One of The Trident Foundation’s key purposes is to assist employees identify, address and resolve individual and social difficulties that could limit their well-being and activities. Employers and society often need to weigh the costs of introducing resources to enhance security at work against the trouble of not taking action (Clarke & Devereux, 2008). Employers could be liable for the negligent conduct of their employees (Clarke & Devereux, 2008). Supportive services including legal education of professionals might assist employees to respond to a seeming fixation with liability issues, including those that emerge in the workplace (Fenwick, 2006). If supportive services are not featured into work situations harm might occur to self or others. An employee refers to employers and states in (Geary, 2008):
“Unfortunately the only reason why they may wake up is through employees that reach that certain point that they either commit suicide or they are unable to do their job and then there will be law suits and it is only then that people will wake up and realize that there is need for a preventative system to be put in place.”
Lewis (2007, p. 16) refers to lawyers who work with criminal cases and states, “They are exposed to horror in graphic detail through witness testimony, court re-enactments, witness conferencing, photographic and forensic evidence”. In a post “9/11” era other employees might experience work-related stress and trauma. Lewis mentions that aloofness alone does not insulate employees from experiences of trauma. When the limitations in the work environment can be identified, participants might be in a stronger position to consider effective strategies to limit the effects of their own and others’ pain and suffering.
Problems in living could be connected to the, for example, social or legal system within which workers find themselves. An employee commented in Geary (2008):
“I think that’s pretty brave when somebody can go to a boss and say I’m in this area. This area is overwhelming please place me somewhere else. That does not mean that a person is weak or incapable it just means that the person at that point in time is overwhelmed. I think that that’s something that professionals need to learn to do because essentially we’re type A personalities and we think that we are invincible. I think that it’s time that not only we learn to recognise but that they’re systems in place that assist us to recognise it and to deal with it.”
Employee Family Assistance Services may help organisations to recognise their mission, vision and values. Through, for example, the telephone and Internet employees including those in remote areas can gain access to services.
The Trident Foundation offers both comprehensive and flexible Employee Family Assistance Services, including, appraisal, referral, and brief and psycho-social-justice-based strategic approaches. Employees are subject to stress and operational trauma, including disability and loss of life issues. They might also experience intimidation and even violence in the workplace. When employees seek out support they could have multiple problems. When one or more of these challenges are addressed, they may experience self-efficacy and develop confidence in themselves. Within supportive framework employees can feel more in control of their lives and enabled to maintain and extend their operations. Their capacity to address personal, social and law-related difficulties may be strengthened. One size does not fit all sizes, and the appropriate strategies for particular clients, might vary.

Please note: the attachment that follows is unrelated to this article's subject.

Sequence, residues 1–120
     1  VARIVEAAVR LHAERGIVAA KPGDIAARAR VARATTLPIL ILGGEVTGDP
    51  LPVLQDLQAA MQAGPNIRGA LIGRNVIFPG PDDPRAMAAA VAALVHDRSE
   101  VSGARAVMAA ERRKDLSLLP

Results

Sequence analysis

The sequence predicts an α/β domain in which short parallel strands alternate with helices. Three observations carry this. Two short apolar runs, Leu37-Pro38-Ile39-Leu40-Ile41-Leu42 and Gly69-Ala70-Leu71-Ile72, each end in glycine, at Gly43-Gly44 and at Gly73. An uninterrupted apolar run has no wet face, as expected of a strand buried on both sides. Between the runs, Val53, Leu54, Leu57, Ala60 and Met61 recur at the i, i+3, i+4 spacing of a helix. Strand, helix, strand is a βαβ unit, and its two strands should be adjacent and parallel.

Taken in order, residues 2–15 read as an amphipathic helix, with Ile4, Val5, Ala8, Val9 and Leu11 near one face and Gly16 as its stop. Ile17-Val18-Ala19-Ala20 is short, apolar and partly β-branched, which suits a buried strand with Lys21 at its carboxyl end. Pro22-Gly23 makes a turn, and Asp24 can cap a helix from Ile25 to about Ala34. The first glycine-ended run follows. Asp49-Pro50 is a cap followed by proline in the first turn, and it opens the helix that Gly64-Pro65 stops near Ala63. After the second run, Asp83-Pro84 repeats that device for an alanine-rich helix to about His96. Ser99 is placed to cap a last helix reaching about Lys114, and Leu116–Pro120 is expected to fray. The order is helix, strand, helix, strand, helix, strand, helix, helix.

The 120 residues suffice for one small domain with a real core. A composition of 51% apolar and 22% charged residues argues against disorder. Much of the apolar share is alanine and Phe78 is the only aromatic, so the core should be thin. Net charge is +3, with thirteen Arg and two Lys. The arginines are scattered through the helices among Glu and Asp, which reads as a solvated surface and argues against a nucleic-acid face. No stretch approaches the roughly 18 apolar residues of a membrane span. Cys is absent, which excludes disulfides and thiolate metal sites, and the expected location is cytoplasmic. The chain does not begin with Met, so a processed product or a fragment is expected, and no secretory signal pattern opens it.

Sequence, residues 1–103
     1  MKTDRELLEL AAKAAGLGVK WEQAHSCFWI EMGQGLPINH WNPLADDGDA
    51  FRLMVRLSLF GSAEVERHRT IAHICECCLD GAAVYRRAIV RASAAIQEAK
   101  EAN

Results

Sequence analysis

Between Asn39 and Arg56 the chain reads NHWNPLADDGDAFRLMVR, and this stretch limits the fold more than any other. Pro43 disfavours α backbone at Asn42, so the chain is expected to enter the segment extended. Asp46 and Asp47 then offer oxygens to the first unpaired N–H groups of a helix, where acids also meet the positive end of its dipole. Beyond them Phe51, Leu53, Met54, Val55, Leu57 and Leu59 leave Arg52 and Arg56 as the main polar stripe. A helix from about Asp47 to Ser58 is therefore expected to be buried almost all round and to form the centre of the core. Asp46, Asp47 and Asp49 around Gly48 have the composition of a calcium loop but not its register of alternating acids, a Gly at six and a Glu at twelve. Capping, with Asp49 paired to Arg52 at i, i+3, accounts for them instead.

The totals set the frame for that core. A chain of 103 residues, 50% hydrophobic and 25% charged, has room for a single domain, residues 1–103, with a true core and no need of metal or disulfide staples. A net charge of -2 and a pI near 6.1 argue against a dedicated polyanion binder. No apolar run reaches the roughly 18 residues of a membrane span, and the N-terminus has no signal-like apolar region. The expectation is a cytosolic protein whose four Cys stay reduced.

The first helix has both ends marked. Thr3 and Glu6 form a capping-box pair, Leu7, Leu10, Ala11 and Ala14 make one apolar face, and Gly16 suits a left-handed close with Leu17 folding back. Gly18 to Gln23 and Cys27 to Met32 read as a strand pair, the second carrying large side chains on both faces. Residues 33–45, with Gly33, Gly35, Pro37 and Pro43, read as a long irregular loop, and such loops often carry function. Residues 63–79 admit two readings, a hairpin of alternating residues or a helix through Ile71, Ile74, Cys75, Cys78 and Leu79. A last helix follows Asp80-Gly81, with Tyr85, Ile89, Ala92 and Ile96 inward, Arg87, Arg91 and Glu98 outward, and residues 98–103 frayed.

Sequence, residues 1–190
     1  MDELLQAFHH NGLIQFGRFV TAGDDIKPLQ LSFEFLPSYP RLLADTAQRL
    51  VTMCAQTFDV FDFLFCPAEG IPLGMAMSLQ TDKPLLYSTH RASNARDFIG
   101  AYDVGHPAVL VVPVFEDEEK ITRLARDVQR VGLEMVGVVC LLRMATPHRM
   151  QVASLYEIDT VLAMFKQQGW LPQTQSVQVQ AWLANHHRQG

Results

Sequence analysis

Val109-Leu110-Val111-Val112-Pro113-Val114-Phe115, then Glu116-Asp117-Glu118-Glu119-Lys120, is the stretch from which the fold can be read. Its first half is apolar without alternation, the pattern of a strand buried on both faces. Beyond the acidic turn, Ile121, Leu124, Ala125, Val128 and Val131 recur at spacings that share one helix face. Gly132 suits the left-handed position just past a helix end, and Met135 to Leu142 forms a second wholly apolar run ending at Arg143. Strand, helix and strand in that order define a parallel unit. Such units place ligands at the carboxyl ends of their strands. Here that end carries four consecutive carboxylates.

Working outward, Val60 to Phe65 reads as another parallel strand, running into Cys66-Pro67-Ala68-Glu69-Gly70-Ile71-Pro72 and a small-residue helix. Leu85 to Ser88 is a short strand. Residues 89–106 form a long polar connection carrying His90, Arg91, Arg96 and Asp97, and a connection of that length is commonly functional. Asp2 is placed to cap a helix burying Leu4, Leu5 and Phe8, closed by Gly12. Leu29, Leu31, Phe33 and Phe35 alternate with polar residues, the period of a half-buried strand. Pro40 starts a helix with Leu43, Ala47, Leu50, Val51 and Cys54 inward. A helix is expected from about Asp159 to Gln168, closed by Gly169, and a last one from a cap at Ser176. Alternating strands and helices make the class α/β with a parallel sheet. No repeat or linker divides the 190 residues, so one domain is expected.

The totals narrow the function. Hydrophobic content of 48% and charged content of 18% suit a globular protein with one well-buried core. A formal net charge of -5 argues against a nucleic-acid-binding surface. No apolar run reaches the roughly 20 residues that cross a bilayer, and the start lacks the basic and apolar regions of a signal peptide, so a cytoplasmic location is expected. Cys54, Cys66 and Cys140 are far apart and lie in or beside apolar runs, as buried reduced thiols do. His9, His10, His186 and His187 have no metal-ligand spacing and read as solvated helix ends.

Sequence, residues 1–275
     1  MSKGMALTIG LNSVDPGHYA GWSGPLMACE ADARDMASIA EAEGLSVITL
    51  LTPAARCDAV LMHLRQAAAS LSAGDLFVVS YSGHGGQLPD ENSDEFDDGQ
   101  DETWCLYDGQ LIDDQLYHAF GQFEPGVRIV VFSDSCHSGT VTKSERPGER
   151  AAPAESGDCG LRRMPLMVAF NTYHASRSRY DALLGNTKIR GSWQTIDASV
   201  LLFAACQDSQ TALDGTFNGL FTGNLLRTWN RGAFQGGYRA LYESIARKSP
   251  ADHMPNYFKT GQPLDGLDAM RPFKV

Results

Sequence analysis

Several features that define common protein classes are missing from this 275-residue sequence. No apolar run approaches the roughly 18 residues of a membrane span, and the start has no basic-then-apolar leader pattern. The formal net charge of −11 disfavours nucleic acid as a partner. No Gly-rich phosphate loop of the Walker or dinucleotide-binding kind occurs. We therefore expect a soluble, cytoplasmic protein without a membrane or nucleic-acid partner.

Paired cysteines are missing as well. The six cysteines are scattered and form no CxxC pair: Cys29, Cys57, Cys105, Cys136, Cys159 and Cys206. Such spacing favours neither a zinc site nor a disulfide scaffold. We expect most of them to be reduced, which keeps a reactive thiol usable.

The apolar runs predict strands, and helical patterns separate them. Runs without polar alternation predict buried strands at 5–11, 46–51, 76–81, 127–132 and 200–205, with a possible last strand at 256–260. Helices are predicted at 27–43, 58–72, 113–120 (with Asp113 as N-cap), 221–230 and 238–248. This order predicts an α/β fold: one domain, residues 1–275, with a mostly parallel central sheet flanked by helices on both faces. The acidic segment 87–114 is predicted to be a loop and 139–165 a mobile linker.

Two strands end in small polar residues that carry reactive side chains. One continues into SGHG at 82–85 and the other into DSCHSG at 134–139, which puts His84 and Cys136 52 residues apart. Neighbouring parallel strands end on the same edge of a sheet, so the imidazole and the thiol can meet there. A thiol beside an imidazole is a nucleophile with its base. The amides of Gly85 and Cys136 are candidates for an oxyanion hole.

The Trident Foundation offers guidance and caring options linked to services to employees, their families and employers. The Trident Foundation aims to assist these groups to enhance health and well-being in the workplace. There may be overlapping needs, wants, and experiences between these groups. In a supportive context diverse individuals and groups, may collaborate to develop goals and solutions, to address organisational and environmental stresses. Whilst there is life there is hope, and an inferred promise, that with support challenging life situations can be improved. There is merit in developing tangible goals to address problematic situations. Perhaps there are coping and alternative strategies that can be applied for employees to develop a sense of agency. When employees actively work towards improving their life circumstances, a set of well-targeted supports, can assist them to reach their full personal and social potential.
It can be important for employers to understand problems or concerns, as viewed by the individuals who experience them. A starting point for interventions could be to comprehend and mark individual’s and organisation’s objectives and anticipations about service delivery. Often employees have insight into what strategies have previously worked for them. Employees frequently have self-stories, and it is important to note, what they understand to be the causes of their problematic situations. These causes might have affective, physical, cognitive, social, cultural or legal aspects that are attached to them. Employees seem to have idiosyncratic backgrounds, and these might be shaped by such factors as age, disability, gender, ethnicity, work history and spiritual practices
Some employees might fear, that they will lose their social and professional status, if they are open about their personal distress or trauma. Citations to the literature that are mentioned here are available upon request.
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